Voting Machine Hell, 2018: A Running List of Election Glitches, Malfunctions, and Screwups

Illustration for article titled Voting Machine Hell, 2018: A Running List of Election Glitches, Malfunctions, and Screwups
Photo: Ethan Miller (Getty)

The 2018 midterm elections are well underway, and you know what that means: another opportunity for local election commissions to display widespread incompetence and/or ratfuckery.


Just like every year I can recall, a slew of polling stations are reporting technical issues ranging from scanners breaking down to electronic machines seemingly changing people’s votes. (This is to say nothing of the widespread efforts to inconvenience, disenfranchise, or otherwise unnecessarily complicate the voting processes, it’s own rich topic for another blog.) After all, many of these machines are around 15 years old and local election staffers have documented calibration issues with them in previous races. Why should this election be any different?

Below is a running tally of the rich tapestry of malfunctions being reported at polling stations across the country. If you experience issues voting, call the U.S. Department of Justice at (800) 253-3931 or the Election Protection Coalition at (866) OUR-VOTE. You can also tip us with a detailed message, and we’ll be glad to update this post.


Some machines were unable to properly scan paper ballots, which had swollen due to humidity.



Ballot printer issues were reported at Queen Creek Library and Chandler City Hall, while Deer Valley Airport voters were asked to cast provisional ballots due to as-yet unspecified technical issues.




Express Polls, which check voters in, were down at an estimated four locations in Gwinnett County, leading to long lines. One of those locations—Anderson Livsey Elementary—had all of its machines cease functioning because “the machine was not supplied power and was running on battery and the battery ran out.” Nothing to see here, everything’s working as intended.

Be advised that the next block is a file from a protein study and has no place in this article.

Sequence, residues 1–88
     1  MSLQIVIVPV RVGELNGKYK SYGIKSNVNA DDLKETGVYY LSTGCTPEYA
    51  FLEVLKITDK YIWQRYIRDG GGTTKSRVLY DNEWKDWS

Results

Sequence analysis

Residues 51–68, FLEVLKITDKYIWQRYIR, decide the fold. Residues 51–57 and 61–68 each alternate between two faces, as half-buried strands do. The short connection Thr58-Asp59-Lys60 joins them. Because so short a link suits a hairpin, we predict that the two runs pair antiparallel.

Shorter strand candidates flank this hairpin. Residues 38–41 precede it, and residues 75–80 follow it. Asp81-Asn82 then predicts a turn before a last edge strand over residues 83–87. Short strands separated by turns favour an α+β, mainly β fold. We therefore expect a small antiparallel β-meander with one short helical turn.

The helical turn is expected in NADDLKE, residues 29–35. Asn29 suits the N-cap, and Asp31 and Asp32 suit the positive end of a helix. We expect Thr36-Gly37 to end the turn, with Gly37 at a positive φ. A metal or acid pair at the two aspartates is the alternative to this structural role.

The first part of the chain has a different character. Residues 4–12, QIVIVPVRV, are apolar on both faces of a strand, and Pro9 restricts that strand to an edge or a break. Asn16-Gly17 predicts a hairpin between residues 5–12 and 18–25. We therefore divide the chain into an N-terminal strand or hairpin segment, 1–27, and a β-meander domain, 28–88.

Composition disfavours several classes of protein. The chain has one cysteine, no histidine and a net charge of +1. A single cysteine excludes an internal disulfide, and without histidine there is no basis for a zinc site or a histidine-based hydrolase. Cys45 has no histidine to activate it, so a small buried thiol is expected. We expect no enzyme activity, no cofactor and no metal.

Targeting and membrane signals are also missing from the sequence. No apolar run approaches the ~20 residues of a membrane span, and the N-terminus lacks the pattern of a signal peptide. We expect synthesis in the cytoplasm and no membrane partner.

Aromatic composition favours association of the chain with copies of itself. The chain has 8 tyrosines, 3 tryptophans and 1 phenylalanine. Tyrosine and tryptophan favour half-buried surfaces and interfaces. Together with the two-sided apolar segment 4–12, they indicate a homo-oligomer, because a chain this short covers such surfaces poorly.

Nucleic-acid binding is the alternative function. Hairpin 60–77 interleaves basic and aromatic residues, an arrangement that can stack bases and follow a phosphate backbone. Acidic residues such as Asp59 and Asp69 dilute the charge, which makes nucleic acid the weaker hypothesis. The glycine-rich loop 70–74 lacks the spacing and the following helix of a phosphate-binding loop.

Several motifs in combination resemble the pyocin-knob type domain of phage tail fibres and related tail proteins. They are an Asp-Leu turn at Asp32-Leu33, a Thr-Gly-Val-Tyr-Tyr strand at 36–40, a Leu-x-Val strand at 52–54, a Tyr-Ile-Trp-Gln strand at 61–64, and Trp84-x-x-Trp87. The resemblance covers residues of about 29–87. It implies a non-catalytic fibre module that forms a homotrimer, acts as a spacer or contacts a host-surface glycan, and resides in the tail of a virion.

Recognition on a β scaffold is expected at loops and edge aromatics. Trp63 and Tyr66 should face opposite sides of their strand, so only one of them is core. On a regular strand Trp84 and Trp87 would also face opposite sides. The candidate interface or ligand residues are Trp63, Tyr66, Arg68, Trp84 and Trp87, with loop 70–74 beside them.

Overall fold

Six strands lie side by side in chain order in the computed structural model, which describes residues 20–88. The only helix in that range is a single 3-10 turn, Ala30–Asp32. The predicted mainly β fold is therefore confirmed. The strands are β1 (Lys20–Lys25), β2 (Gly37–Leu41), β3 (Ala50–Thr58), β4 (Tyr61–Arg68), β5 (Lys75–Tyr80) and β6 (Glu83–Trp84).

Ballots in many states (including New York) are two pages long. Unfortunately, voters reported only receiving one page of their ballots in at least seven polling locations around the greater Chicago area.


[NBC Chicago]


A reportedly “overwhelmed” poll worker failed to turn on the necessary scanning equipment at a Jonson County location. Around Fort Wayne, two locations appeared to not be printing tickets, resulting in slow processing “leading some people to leave before voting.”


[Indystar; WANE]


Election workers at Martin Luther King Jr. High School in Detroit were initially unable to find the voting machines, creating hour-plus delays.




At a St. Louis County location, a volunteer stated that ballots were spat back out by the scanner, telling local reporters that “at least half of the ballots (here) are being rejected.” In Clay County, delays reportedly stretched to over two hours at some locations, due to malfunctioning equipment or power outages.



New Jersey

Voters at a Union County location were told to come back in an hour due to a broken machine.



New York